Ten Books to Diversify Your School’s Reading List

Top Ten Tuesday is a weekly meme hosted by The Broke and the Bookish in which book bloggers list their top ten picks for whatever the current prompt is.

Wow, it’s been ages since my last Top Ten Tuesday! Where is the handbook for this?

With the recent horrifying incident in Charlottesville and this article and that regarding YA Twitter, lists that talk about diversity in literature are relevant more than ever. And since today’s prompt is all about required reading, I thought I’d tweak it a bit and give you Ten Books to Diversify Your School’s Reading List. Or, you know, the school you graduated from. Because you’re already a 20-something adult. Like me. But I digress! I cannot stress this enough. We still need diverse books and there’s still a lot of work to do. We can start by taking a cue from Kate McKean and “support the things [we] want to exist in the world.” (Hint: one easy way is to request these titles from your local libraries if they don’t already have them. Or if you have the money, maybe it’s time to update your shelves at home.)

NOTE: The list is in chronological order of publication and I included #ownvoices from the information I can find in the internet.

*Click the cover to be directed to the book’s Goodreads page.*

The Absolutely True Diary of a Part-Time Indian 01   Aristotle and Dante Discover the Secrets of the Universe   We Should All be Feminists 01

The Absolutely True Diary of a Part-Time Indian by Sherman Alexie
Spokane-Coeur d’Alene-AmericanI would like to begin with a work that probably is on your reading list. Although, there’s a good chance that this oft-banned book has been removed from it. So. Call for a repeal!

Aristotle and Dante Discover the Secrets of the Universe by Benjamin Alire Sáenz
Mexican-American, gay. By now, you should be well aware of my inexorable love for this breathtaking and breathtakingly poignant story of two Mexican-American boys who learn the wonders and power of friendship.

We Should All be Feminists by Chimamanda Ngozi Adichie
Nigerian. Allow me to convince you with a quotation from the author herself:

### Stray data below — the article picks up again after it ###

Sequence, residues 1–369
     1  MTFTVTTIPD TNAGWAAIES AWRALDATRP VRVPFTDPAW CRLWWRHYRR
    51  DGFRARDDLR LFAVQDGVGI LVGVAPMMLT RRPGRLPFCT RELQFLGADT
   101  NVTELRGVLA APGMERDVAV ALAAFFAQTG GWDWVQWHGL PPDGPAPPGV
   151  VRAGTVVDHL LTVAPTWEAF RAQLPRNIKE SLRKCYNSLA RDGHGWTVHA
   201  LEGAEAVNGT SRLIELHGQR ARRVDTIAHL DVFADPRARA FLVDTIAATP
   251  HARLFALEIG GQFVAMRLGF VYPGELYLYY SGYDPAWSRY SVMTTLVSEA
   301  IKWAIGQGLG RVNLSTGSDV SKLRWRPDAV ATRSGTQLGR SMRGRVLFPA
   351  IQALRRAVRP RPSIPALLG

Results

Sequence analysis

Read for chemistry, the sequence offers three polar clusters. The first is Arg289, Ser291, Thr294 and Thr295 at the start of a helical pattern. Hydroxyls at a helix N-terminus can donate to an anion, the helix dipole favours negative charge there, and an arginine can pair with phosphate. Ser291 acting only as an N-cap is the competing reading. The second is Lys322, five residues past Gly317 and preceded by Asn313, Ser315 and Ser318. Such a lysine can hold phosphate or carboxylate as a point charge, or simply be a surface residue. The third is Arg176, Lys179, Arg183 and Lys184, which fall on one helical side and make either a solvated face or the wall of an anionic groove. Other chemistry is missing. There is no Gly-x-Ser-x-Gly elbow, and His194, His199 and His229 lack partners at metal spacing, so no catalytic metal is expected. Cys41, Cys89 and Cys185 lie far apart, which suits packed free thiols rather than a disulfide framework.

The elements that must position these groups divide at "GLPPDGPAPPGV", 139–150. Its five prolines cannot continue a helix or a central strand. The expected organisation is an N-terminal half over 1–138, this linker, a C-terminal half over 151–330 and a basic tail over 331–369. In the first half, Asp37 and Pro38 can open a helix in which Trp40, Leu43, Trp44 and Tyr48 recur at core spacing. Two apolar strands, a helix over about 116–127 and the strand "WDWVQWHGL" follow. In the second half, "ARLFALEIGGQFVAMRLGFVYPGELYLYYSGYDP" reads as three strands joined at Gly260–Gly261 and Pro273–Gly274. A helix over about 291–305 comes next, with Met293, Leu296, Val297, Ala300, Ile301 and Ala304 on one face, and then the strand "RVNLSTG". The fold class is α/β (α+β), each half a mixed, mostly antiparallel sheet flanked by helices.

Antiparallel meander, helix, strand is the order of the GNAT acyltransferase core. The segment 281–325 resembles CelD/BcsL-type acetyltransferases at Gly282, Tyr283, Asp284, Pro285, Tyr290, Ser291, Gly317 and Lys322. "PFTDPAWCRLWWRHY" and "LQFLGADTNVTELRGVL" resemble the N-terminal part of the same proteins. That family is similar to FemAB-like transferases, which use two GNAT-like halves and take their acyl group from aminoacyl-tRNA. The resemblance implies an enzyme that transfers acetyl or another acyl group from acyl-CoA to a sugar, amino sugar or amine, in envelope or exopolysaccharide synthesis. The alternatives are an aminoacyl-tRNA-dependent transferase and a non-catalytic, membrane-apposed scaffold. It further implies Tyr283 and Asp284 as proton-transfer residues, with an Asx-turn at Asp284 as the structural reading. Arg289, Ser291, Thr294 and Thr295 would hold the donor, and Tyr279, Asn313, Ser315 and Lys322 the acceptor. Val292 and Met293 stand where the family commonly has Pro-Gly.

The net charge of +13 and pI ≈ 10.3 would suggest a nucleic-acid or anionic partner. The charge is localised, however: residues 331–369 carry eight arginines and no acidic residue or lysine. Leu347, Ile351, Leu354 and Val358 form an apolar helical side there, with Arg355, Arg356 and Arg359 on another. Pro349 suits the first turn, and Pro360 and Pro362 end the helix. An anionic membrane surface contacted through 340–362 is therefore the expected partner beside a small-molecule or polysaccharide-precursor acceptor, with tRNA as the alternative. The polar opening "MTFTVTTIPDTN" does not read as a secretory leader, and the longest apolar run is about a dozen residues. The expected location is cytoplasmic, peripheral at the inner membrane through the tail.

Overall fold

“But by far the worst thing we do to males – by making them feel they have to be hard – is that we leave them with very fragile egos. The harder a man feels compelled to be, the weaker his ego is.
And then we do a much greater disservice to girls, because we raise them to cater to the fragile egos of males.
We teach girls to shrink themselves, to make themselves smaller.
We say to girls, ‘You can have ambition, but not too much. You should aim to be successful but not too successful, otherwise you will threaten the man. If you are the breadwinner in your relationship with a man, pretend that you are not, especially in public, otherwise you will emasculate him.'”

Brown Girl Dreaming 01   Simon Vs the Homo Sapiens Agenda   Challenger Deep 01

Brown Girl Dreaming by Jacqueline Woodson
African-American, lesbian. Jacqueline Woodson has won multiple awards not for nothing. In Brown Girl Dreaming, she recounts her childhood—growing up as a black girl both in the North and the South—in these beautiful and moving vignettes. The author looks at race, family, self-discovery, and how stories helped her find her voice. It is faintly elegiac but also deeply comforting.

Simon vs the Homo Sapiens Agenda by Becky Albertalli
I mean. C’mon. You definitely saw this one coming. It’s about a closeted gay whose identity is at risk of being exposed by a classmate and who is also maybe falling in love with a boy he’s been exchanging e-mails with. But more than anything, it’s a thoughtful, adorable tale of coming out and coming of age with a spot-on voice.

Challenger Deep by Neal Shusterman
This National Book Award-winning novel is a keen observation on schizophrenia.

Fans of the Impossible Life 01   All American Boys 01   History is All You Left Me 03   The Hate U Give 01

Fans of the Impossible Life by Kate Scelsa
Lesbian. In 2015, I pronounced this as a title champions of the We Need Diverse Books campaign should be talking about. It’s 2017 and I still often find myself shoving it to people. Intersectional diversity, you guys! Plus, fine storytelling.

All American Boys by Jason Reynolds and Brendan Kiely